2. Now that you’ve pointed out the above i.e. involuntarily ‘exposing’ your private matters with complete strangers, (teachers *gasp* ), it occurred to me that this didn’t even cross my mind. I personally don’t view your family as different and therefore I didn’t realize how it can affect your daily life. And fathers day- of course it would affect you, I didn’t even think of it.

    If it’s any consolation, I wouldn’t concern myself with your family’s ‘missing dad’ any more than I would a family of 4 daughters and one mother, what ever happened to their father, whether he’s dead or abandoned them has nothing to do with me or anyone else. People are way too nosey, they have no boundaries to their curiosity.

    • Having kids at school has opened a whole new can of worms and luckily our school is very open to dealing with issues sensitively when they come up. I’ll write a post about things that we’ve encountered so far soon. This was supposed to be that post but it went off on an unexpected tangent.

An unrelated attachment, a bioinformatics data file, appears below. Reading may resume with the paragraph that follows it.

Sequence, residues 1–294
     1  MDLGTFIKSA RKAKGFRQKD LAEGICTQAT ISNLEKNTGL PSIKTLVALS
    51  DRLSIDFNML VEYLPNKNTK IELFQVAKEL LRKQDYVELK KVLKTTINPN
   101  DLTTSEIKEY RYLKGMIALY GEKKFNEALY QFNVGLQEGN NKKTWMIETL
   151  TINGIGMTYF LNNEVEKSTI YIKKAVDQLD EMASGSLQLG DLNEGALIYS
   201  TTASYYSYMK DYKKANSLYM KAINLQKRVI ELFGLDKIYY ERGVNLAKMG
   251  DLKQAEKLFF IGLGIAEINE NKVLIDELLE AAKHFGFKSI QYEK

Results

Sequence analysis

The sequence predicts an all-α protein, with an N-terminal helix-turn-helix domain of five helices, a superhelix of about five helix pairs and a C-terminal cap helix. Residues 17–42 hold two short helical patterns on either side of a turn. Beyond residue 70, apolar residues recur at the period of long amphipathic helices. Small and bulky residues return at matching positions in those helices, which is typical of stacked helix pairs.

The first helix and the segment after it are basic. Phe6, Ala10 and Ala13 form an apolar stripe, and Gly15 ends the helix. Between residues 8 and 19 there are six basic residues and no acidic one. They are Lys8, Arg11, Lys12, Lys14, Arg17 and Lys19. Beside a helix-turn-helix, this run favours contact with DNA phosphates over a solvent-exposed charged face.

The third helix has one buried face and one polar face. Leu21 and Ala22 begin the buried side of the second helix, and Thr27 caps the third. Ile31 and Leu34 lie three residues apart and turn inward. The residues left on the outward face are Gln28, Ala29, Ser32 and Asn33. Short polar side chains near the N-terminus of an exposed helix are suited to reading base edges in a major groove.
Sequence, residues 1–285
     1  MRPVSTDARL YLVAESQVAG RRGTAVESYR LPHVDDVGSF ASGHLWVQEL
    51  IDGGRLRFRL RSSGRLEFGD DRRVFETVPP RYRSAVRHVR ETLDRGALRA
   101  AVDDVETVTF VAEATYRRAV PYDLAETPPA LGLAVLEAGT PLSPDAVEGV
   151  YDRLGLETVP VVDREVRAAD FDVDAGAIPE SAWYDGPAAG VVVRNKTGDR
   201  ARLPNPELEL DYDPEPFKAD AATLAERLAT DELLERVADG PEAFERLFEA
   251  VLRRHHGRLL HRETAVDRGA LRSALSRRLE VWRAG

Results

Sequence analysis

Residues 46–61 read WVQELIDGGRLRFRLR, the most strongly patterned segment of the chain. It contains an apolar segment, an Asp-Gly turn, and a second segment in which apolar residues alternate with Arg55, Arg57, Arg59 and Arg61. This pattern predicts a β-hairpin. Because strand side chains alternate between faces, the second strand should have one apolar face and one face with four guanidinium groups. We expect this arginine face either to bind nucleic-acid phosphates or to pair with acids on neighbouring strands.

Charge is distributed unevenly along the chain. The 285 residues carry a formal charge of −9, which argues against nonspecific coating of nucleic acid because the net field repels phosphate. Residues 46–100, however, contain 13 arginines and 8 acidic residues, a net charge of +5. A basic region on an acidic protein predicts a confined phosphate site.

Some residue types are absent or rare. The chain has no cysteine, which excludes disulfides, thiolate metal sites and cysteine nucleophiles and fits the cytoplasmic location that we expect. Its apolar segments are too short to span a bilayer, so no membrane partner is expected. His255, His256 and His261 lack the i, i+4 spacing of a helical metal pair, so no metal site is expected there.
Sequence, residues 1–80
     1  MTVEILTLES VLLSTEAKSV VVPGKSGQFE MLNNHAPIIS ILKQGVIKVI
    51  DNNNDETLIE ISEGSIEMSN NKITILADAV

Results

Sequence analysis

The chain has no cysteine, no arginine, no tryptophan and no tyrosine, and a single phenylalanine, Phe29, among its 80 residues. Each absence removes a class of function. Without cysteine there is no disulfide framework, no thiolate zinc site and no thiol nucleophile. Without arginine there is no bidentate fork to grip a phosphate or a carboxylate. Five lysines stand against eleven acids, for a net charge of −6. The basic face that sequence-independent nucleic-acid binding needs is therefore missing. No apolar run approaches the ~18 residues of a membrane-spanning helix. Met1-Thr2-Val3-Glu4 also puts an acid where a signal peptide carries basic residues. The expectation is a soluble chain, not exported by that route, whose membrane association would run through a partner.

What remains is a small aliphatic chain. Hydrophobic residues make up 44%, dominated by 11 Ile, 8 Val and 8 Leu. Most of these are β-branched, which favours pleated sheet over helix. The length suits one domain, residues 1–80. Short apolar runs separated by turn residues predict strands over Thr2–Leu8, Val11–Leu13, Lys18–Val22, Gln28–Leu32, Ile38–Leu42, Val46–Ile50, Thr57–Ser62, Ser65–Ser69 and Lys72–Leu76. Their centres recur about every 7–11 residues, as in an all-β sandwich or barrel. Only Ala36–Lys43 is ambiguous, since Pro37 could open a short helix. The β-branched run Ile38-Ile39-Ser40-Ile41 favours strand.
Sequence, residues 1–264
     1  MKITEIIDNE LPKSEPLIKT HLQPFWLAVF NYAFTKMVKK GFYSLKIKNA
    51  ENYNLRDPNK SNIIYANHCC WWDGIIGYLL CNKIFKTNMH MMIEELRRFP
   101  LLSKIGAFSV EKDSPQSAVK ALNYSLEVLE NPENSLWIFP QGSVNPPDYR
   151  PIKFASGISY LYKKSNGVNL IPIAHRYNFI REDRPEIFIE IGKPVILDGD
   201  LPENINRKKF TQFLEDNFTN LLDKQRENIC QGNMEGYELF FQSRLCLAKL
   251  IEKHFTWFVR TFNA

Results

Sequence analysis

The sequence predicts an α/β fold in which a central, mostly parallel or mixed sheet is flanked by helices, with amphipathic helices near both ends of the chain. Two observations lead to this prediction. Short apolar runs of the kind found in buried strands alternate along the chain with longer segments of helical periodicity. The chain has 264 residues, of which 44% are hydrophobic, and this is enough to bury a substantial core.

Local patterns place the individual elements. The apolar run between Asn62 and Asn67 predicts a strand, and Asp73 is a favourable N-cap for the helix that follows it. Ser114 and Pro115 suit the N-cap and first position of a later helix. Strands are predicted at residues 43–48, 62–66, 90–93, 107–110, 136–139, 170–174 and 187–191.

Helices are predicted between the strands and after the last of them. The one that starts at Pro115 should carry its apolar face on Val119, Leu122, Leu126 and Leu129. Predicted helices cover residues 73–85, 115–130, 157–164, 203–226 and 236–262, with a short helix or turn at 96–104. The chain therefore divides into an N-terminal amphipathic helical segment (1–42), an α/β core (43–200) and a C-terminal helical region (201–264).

3. I agree with you, why should what you do in your bedroom be the business of anyone who wasn’t in there with you? All that matters is that your children are happy and safe. Having a supporting family in your corner makes a big difference to any sort of family set-up.

    We’ve had our fair share of father’s day dramas too. The first year when N came home from school with a father’s day gift that she was made to produce I was at first a little bit upset about it, but after speaking to the principal she told me that they let them make it anyway so that they won’t feel left out (in my daughter’s school, despite what one would believe from current stats, I am one of 5 single parents in total. There are 70 children so I would have thought it would be more common really). Kind of makes sense I guess. Luckily my brother is her god father so he gets all the hand made photo frames and key rings and so on – and he happily displays them in his house with great pride. 🙂 She loves visiting there and seeing all her gifts being used.